Companies explore gathering clinical trial data with “wearables”


Remote Data Collection

The use of remote sensors, carried offsite by study subjects as “wearables,” and the merging of the resulting data into one coherent stream for analysis has long been desirable but has proven difficult to achieve.

Pfizer was the first to try using remote wearable sensors for clinical studies in 2011. Pfizer’s REMOTE system used cyber technology exclusively to gather trial data. The effort was halted a year later due to a lack of participants.

Technologies have grown and changed dramatically in the 6 intervening years. Digital devices and online services have become easier to use and more readily available. All of the right factors have aligned to encourage the industry to revisit the idea.

Now, according to Angus Liu in Fierce Biotech (June 16, 2017), two companies have begun another attempt at successful data gathering with remote sensors. Soon-to-be bought out Parexel, with the participation of French pharmaceutical company Sanofi, began a “Patient Sensor” study in March using its “Perceptive My Trials” system, a cloud-based clinical trial management platform that can gather, transmit and meld data.

“We believe the use of wearables to collect data from trial participants represents a breakthrough in the digital transformation within the industry,” said Xavier Flinois, president of Parexel Informatics. “Working with Sanofi, we believe we have a strong opportunity to streamline and automate data collection from multiple devices, collect high-quality data remotely and generate meaningful results, all while reducing burden on patients and sites, as well as lowering costs.”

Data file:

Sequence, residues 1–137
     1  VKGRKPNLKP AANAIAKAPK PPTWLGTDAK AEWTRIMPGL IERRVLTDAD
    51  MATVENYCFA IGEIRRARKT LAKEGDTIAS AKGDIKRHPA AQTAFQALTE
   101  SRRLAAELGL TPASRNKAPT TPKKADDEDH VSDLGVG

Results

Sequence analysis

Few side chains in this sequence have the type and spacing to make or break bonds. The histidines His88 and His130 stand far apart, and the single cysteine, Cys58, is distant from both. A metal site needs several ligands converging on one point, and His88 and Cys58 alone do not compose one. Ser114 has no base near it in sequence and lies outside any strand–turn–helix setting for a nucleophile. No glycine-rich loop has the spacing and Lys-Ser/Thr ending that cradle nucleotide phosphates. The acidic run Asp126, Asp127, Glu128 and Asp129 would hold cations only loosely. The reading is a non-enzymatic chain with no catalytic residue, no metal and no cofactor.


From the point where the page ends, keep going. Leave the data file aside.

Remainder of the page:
Lionel Bascles, clinical science and global operations head at Sanofi, added, “Our objective is to demonstrate the relevance of data collected remotely and the overall feasibility of utilizing wearables in clinical trials. Wearables are a core component of Sanofi’s digital trials strategy and represent an important approach to automate patient processes using the latest technologies to bring new therapies to patients sooner. We are pleased to be collaborating with Parexel and leveraging its multifunctional expertise in this area. We are committed to further advancing the potential of this technology.”

The two companies are well positioned for making another attempt at this promising but technologically and logistically difficult challenge. Parexel International Corporation provides clinical research, medical communications and technology consulting to the pharmaceutical, biotech and therapeutic device industries. It runs clinical trials and consults on development, regulatory and reimbursement issues.

Sanofi is a biomedical company with a worldwide reach involved in vaccines, immunology, oncology, diabetes and cardiovascular research. Partnering with two UK firms, eClinicalHealth and Langland, as well as the Finnish healthcare tech firm Mendor, Sanofi carried out a study called VERKKO, which monitored the performance of a 3G-enabled wireless blood glucose meter in remote operations in a clinical trial, which has direct relevance to its effort with Parexel.

Parexel is the latest CRO to be bought up. Pamplona Capital Management will be buying Parexel for $88.10 a share in cash, which works out to be about $5 billion (including debt). Parexel will become a private company under the deal and no longer be listed on any public market.

In this podcast Dan Sfera discusses Apple and Google battling it out for clinical trial wearable supremacy.  



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